VaHomeschoolers’ Position on Partisan Politics and Non-Homeschooling Issues
Since its founding in 1993, VaHomeschoolers has been an inclusive, statewide homeschooling organization. Vital to our mission to serve all Virginia homeschoolers, regardless of religion, political affiliation, homeschooling style, economic status, family structure, etc., is our unwavering commitment to avoid any and all involvement in partisan politics and any political or social issues. VaHomeschoolers only lobbies and advocates on topics, questions, issues and proposals that are directly related to homeschooling and to protecting the freedom of Virginia families to choose home education for their children.
This commitment to avoiding partisan politics and non-homeschooling issues is absolutely central to our ability to serve all homeschoolers, and is reflected in our Bylaws and Constitution, which state that we will take “no position on religion, partisan politics and non-homeschooling issues…”
Some other homeschooling organizations, at the local, state and national level, do involve themselves in political campaigns and in non-homeschooling issues. VaHomeschoolers was founded out of the recognition that such organizations could not serve all homeschoolers, because homeschoolers have a wide variety of viewpoints and convictions on political, religious and social issues – on every issue other than homeschooling, in fact.
VaHomeschoolers’ Neutrality on Homeschool Tax Credits
Because our legislative positions on topics that are specifically related to homeschooling are guided by our annual member survey, VaHomeschoolers also takes a neutral position on the issue of public funding of homeschooling via tax credits, tax exemptions, or any other financial vehicle. Our members have clearly indicated to us that they are deeply divided on this topic, for a variety of reasons. One argument offered by homeschoolers who favor tax credits is that, since the choice to homeschool directly reduces the financial burden on the local public school system and increases the financial burden on the homeschooling family, it is fair to share some portion of the local tax fund to support those children who are educated at home. On the other hand, homeschoolers who oppose tax credits argue (among other perspectives) that any proposal that would provide homeschooling families with public funds ultimately will also likely expose families’ choices of home education programs, materials and curricula to public scrutiny and regulation.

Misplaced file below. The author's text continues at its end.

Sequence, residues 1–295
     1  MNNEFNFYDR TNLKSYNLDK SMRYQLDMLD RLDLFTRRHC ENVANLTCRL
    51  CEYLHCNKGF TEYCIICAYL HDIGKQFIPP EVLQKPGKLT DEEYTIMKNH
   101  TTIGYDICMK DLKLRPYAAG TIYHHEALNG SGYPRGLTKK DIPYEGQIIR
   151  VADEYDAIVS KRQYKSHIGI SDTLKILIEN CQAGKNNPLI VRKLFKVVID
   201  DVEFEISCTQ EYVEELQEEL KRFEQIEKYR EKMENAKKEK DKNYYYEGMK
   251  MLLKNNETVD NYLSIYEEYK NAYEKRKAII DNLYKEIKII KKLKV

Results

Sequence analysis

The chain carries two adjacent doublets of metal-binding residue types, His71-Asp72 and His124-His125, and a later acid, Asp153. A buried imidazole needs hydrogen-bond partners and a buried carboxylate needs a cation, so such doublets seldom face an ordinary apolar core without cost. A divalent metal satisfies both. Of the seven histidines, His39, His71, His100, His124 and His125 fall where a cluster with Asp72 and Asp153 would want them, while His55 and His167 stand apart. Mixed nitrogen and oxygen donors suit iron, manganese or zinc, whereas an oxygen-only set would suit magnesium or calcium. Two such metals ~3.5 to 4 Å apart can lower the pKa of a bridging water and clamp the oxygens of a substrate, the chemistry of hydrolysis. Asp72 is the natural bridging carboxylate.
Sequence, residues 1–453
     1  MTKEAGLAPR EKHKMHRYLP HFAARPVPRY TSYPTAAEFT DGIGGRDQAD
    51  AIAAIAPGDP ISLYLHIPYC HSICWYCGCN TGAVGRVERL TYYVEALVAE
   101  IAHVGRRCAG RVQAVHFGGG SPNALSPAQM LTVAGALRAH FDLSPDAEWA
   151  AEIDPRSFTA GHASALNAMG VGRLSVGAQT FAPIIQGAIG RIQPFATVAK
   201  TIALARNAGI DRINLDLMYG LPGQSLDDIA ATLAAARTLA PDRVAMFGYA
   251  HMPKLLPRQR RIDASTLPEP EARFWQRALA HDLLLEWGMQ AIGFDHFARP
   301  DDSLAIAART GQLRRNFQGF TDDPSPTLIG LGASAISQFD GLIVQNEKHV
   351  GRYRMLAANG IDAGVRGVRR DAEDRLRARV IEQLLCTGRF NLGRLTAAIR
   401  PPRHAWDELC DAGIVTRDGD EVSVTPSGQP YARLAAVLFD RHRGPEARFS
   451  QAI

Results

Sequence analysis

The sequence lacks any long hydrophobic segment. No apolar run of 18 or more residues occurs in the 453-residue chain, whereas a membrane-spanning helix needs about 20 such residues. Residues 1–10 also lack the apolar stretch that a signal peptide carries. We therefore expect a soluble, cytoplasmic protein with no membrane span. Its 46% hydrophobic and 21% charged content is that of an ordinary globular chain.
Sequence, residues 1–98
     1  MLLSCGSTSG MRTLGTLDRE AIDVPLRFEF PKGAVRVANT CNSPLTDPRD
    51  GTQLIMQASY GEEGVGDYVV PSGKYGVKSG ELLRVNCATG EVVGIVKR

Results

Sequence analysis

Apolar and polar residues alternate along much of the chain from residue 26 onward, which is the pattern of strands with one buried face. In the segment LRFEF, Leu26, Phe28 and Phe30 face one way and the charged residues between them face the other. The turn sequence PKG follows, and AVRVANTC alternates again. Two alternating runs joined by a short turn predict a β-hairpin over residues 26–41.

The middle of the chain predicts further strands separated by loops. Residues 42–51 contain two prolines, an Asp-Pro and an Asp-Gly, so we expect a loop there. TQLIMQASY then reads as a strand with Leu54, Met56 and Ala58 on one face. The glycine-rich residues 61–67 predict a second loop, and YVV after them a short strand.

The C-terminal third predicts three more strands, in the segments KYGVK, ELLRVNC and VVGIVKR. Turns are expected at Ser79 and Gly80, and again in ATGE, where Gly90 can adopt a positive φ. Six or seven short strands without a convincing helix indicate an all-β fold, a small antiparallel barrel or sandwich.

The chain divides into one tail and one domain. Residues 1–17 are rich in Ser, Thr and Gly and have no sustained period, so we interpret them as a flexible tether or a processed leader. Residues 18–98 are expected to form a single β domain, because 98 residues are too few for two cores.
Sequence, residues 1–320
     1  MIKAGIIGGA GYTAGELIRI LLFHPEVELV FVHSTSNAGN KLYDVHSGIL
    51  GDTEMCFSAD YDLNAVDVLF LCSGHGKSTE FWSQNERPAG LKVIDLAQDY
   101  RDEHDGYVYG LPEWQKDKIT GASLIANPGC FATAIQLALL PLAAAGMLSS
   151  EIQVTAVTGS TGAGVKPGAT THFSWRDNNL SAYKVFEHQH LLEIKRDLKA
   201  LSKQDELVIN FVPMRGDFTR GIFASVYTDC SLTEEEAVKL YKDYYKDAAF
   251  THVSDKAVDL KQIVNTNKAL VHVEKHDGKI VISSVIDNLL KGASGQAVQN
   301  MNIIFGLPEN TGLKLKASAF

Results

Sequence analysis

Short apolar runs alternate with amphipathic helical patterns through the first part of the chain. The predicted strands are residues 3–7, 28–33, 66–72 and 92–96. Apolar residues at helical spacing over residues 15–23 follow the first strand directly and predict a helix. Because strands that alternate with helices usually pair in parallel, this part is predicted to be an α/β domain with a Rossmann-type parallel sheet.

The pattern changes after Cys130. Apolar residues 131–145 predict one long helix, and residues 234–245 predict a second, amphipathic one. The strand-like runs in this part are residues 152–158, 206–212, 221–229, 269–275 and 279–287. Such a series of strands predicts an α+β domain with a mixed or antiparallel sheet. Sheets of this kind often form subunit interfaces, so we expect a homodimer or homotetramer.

VaHomeschoolers cannot take a position that serves all homeschoolers when homeschoolers hold strong opinions both for and against homeschool tax credits. (Should our survey results indicate a shift toward broad agreement, our legislative position would then be clear.) Read more about the arguments for and against tax credits.
Homeschooling Stereotypes Can Harm Homeschooling
VaHomeschoolers believes that association by homeschooling organizations with partisan politics and non-homeschooling issues harms homeschooling. Such association and advocacy can create and reinforce stereotypes of homeschoolers as having only a limited range of social and political viewpoints. When these stereotypes are reinforced, people hear “homeschooler” and presume they know “all homeschoolers’ positions” on a checklist of political, legislative, and religious positions, when, in fact, homeschoolers are not monolithic.
Homeschooling stereotypes can lead to misunderstanding of and even antipathy towards homeschoolers among legislators, political candidates, public education leaders, the media, and the general public.
Homeschooling stereotypes can deepen the divide between the homeschooling community and Virginia’s public school leaders and advocates – a divide that need not exist, since many homeschoolers support public schools and have friendships and community ties with families who choose public school – in fact, many homeschoolers do choose public school at some time during their children’s educational paths.
Homeschooling stereotypes can undermine legislation aimed at helping homeschoolers, and can even lead families who might be considering homeschooling to disregard the option because they believe they might not “fit in” with and find support from homeschoolers in their area.
Revised October 2017